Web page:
Rational Performance Tester and Citrix troubleshooting and best practices

The IBM Rational® Performance Tester Extension for Citrix Presentation Server uses the Citrix ICA Client Simulation API, which is part of the Citrix client software, to record and play back user interactions with Citrix-based applications (virtualized applications running in Citrix Presentation Server or XenApp or XenDesktop software). Multiple Microsoft Windows processes interact in the background to make this happen. This tutorial discusses best practices to adopt for Citrix load testing using Rational Performance Tester and tips to troubleshoot common problems. This tutorial does not include the best practices for Citrix Performance Testing; you'll find those in the Rational Performance Tester Knowledge Center.

This tutorial has two sections: troubleshooting and best practices while recording, and testing and scheduling playback.

Citrix Errors during test recording

AllowSimulationAPI key is not present in Windows Registry

When launched for recording for the first time after the Citrix client (Citrix Receiver or Citrix Online plugin) installation, you might see "Unsupported Function" displayed prominently in the Citrix client window open for recording. This error is caused by incorrect or incomplete Windows Registry entries that pertain to the Citrix client — most importantly, the registry key used by Citrix client AllowSimulationAPI, which activates ICA Client Simulation API.

If you encounter this error, make sure the installer of Citrix runs as a user with administrative privileges. Even though you installed the Citrix client as an administrative user, occasionally the AllowSimulationAPI fails to get written. If this happens, you can manually create the entry.

To verify whether the AllowSimulationAPI key is present and create it if required:

  1. Open Windows Registry Editor (Start > Run > Regedit).
  2. If you have 32-bit Windows, navigate to HKEY_LOCAL_MACHINE > SOFTWARE > Citrix > ICA Client > CCM.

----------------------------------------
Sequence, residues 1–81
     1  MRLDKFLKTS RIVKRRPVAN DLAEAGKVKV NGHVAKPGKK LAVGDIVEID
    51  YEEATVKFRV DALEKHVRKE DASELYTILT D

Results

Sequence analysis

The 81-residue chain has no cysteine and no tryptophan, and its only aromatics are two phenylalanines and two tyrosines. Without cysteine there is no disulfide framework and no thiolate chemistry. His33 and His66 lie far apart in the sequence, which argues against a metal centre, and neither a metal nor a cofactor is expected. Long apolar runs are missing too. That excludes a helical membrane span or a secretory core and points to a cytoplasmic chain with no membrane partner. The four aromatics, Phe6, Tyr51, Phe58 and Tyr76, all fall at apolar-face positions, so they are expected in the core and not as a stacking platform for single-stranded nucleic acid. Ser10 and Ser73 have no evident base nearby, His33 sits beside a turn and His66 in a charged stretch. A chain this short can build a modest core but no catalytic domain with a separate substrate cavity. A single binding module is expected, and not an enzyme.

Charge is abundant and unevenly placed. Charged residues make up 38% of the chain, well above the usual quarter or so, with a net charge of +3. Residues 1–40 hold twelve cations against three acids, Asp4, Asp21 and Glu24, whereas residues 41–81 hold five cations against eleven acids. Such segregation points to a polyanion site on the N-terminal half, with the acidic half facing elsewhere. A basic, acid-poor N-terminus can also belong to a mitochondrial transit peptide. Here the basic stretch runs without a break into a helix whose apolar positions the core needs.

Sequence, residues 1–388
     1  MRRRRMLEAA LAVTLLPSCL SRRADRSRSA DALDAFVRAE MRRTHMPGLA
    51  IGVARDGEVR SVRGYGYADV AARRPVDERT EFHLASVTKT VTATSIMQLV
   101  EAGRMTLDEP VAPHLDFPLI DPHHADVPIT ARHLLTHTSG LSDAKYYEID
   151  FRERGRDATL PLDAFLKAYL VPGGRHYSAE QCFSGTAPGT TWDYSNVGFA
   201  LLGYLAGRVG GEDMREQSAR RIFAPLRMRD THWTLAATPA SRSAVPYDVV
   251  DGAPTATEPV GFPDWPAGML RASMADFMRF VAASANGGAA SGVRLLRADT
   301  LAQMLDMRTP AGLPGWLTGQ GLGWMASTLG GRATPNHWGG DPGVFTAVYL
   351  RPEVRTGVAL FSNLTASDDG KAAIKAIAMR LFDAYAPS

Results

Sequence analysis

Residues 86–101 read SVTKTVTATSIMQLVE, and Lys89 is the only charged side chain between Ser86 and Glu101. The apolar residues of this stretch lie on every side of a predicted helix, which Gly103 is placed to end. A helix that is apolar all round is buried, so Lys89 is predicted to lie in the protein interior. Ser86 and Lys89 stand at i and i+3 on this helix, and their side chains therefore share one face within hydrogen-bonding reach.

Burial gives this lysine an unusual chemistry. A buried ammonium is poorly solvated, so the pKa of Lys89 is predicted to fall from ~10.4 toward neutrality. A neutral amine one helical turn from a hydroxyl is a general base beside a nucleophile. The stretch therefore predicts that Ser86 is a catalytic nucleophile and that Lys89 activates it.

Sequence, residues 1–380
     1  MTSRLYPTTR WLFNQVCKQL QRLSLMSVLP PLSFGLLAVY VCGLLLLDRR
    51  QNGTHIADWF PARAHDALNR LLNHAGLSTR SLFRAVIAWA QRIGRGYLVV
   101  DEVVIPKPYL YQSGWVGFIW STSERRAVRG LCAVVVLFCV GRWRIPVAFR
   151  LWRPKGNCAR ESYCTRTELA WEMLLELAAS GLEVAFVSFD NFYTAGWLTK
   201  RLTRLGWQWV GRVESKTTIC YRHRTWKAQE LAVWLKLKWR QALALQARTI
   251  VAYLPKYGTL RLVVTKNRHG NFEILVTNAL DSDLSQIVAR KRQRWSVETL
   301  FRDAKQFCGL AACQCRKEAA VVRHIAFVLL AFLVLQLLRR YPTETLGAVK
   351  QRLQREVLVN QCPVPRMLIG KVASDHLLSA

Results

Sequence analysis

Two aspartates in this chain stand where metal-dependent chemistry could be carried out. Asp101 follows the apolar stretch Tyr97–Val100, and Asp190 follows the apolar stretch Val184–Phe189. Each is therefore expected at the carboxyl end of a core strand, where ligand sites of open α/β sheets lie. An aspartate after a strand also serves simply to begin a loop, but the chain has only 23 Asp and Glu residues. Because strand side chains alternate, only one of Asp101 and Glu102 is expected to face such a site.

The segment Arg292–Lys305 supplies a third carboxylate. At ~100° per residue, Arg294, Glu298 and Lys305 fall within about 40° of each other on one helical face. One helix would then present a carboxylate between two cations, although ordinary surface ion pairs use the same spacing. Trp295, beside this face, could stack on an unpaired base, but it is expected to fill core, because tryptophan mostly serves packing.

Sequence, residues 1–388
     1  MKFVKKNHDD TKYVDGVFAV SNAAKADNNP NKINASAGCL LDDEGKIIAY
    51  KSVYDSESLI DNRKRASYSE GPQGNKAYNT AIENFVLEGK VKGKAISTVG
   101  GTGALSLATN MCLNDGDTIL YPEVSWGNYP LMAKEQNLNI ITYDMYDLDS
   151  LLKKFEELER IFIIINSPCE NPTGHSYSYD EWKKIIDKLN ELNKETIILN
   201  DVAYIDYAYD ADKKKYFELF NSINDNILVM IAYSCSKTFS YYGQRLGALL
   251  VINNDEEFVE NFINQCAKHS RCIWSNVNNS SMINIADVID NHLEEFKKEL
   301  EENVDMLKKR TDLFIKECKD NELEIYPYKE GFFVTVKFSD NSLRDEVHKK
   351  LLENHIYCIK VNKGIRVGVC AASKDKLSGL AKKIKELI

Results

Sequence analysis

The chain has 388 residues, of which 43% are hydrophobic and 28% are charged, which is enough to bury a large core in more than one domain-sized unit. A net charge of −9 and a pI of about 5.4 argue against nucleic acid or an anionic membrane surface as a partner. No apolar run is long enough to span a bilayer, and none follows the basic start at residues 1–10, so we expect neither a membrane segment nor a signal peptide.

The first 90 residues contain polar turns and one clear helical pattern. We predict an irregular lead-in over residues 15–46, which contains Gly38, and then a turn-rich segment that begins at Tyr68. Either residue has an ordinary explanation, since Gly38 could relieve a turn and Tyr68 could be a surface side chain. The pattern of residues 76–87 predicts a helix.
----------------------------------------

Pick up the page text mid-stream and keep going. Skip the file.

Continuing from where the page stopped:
3. If you have 64-bit Windows, the path is HKEY_LOCAL_MACHINE > SOFTWARE > Wow6432Node > Citrix > ICA Client > CCM.
    ICA client folder in Windows Registry
    Screenshot shows ICA client folder in Windows Registry
    Screenshot shows ICA client folder in Windows Registry
  4. Windows Registry entries for ICA client: In the CCM Folder, verify that the key AllowSimulationAPI is present and that its value is 1. If the value is 1, ignore the remaining steps in this section.
  5. If the CCM Folder or AllowSimulationAPI value is not present, right-click the ICA Client folder and select the New > Key option. A new folder is created as a child of the ICA Client parent folder.
  6. Rename the new folder CCM.
  7. Right-click this folder and select New > DWORD (32-bit) Value.
  8. Name the new attribute AllowSimulationAPI.
    Creation of AllowSimulationAPI
    Screenshot shows creation of AllowSimulationAPI
    Screenshot shows creation of AllowSimulationAPI
  9. Double-click AllowSimulationAPI. The Edit DWORD (32-bit) Value dialog box opens.
    Edit AllowSimulationAPI
    Screenshot shows editing AllowSimulationAPI
    Screenshot shows editing AllowSimulationAPI
  10. In the Edit DWORD (32-bit) Value dialog box, type 1 in the Value data field, then click OK.
  11. If the recording problem continues, restart the system to ensure that the registry settings have taken effect.

Clean up Citrix processes

When the Citrix client starts, it launches a few processes, notably the Citrix connection center (concentr.exe) and the Citrix Connection Manager (wfcrun32.exe). These processes will continue running after the Citrix client window exits after closing the connection with the Citrix server.

Due to this, when you initiate a Citrix test recording with Rational Performance Tester, you might encounter the following errors. These errors will occur after the Citrix client window for recording opens:

  • Unsupported Function
  • Protocol Driver Error